Rome and Seven Hills Rotarians lined up to purchase Randolph G. Russell’s 120-page paperback “American History in No Time: A Quick & Easy Read for the Basics” after Russell gave a brief talk about the book and played a soulful rendition of “America the Beautiful” during a joint Rotary meeting Thursday at Coosa Country Club.
Although Rome Rotary President Harvey Wise told those gathered in the ballroom that Rotaries normally discourage book sales at their meetings, a decision had been made to allow members to obtain copies “in light of this particular subject.”
“I think you will find it very interesting,” Wise said. “I have my copy.”
Russell, also a professional musician, said he’s talked to 100 Rotary groups around the country, but never a combined group. He explained he was inspired to write the book after he realized that a study by the U.S. Department of Education found that only 12% of high school seniors are proficient in American history and that for 50 higher ed institutions where seniors were tested by the Intercollegiate Studies Institute, the average grade was an “F.”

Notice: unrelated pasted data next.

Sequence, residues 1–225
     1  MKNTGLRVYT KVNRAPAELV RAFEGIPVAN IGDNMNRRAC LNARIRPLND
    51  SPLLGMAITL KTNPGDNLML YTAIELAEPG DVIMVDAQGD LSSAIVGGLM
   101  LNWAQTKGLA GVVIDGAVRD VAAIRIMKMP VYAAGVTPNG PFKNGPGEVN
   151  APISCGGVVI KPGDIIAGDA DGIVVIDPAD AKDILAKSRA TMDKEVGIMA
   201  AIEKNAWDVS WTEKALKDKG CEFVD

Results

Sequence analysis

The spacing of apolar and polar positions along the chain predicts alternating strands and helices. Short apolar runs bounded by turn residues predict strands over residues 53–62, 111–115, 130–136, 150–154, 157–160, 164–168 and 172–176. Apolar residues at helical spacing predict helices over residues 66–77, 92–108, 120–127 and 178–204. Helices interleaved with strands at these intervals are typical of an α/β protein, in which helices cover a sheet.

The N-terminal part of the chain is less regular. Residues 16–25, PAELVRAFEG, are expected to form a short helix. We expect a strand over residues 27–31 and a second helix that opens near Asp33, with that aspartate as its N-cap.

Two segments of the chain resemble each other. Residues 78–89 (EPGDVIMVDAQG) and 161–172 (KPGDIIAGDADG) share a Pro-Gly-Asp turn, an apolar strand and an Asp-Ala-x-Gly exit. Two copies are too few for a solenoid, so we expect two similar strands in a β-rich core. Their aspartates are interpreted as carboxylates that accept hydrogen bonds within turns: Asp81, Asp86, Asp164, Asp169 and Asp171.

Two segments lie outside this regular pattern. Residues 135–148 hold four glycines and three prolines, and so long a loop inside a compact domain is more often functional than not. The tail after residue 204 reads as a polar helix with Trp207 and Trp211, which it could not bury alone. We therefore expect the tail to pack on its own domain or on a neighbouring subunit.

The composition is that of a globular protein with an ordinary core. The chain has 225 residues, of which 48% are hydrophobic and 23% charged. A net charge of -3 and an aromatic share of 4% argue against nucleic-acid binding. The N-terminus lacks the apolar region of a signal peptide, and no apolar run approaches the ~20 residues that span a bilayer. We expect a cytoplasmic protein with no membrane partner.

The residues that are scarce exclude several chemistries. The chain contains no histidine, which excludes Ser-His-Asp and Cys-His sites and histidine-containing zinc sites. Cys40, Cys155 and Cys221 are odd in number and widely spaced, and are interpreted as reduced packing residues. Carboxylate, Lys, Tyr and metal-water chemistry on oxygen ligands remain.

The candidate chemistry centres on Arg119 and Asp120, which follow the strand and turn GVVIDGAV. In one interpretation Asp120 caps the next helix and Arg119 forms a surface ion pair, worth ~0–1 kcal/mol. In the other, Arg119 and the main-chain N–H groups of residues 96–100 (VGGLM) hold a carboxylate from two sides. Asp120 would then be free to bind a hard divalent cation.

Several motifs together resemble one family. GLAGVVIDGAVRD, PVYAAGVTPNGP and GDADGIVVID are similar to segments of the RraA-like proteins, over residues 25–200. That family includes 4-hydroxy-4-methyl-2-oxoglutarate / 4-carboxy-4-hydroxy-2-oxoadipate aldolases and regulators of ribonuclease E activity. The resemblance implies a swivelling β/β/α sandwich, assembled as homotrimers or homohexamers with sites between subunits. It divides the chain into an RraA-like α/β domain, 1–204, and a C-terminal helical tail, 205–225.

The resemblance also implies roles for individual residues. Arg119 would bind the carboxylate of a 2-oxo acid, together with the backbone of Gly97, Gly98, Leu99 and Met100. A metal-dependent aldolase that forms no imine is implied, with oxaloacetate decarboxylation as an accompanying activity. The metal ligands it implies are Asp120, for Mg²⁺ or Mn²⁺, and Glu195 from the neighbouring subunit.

“Among the general public, only one out of a thousand adults can name the five freedoms guaranteed by the First Amendment,” Russell said of a poll by the Freedom Forum Institute.
This ignorance can be seen on late-night talk shows when young passersby are quizzed on the street.
“Jimmy Kimmel asked people if they could name the first ships that sailed on Columbus’ first voyage. Among the best answers were ‘the ninja, the pina colada and the santa margarita,’” he said. “Now if these were just isolated incidents of people on the fringe of society being put on the spot, we could simply laugh or feel embarrassed for the person and not give it another thought. But that’s not what’s going on.”
Russell blamed this pervasive lack of knowledge about our country’s history on the failure of both educators and parents to first teach the foundations as a broader picture before delving into details that don’t seem to have significance.
“All of us need a refresher every now and then, but I’m confident that most — if not all — of us here consider it our civic duty and even a family responsibility to be familiar enough with our nation’s history to be able to pass it down to our children, grandchildren and others,” he said, suggesting following the example of a friend of his who reads small bits of his book aloud to his family during dinner. “Everyone loves a good story and getting someone interested in knowing about our past should be no more difficult than getting them to go see a good movie because our history provides an unlimited supply of amazing stories.”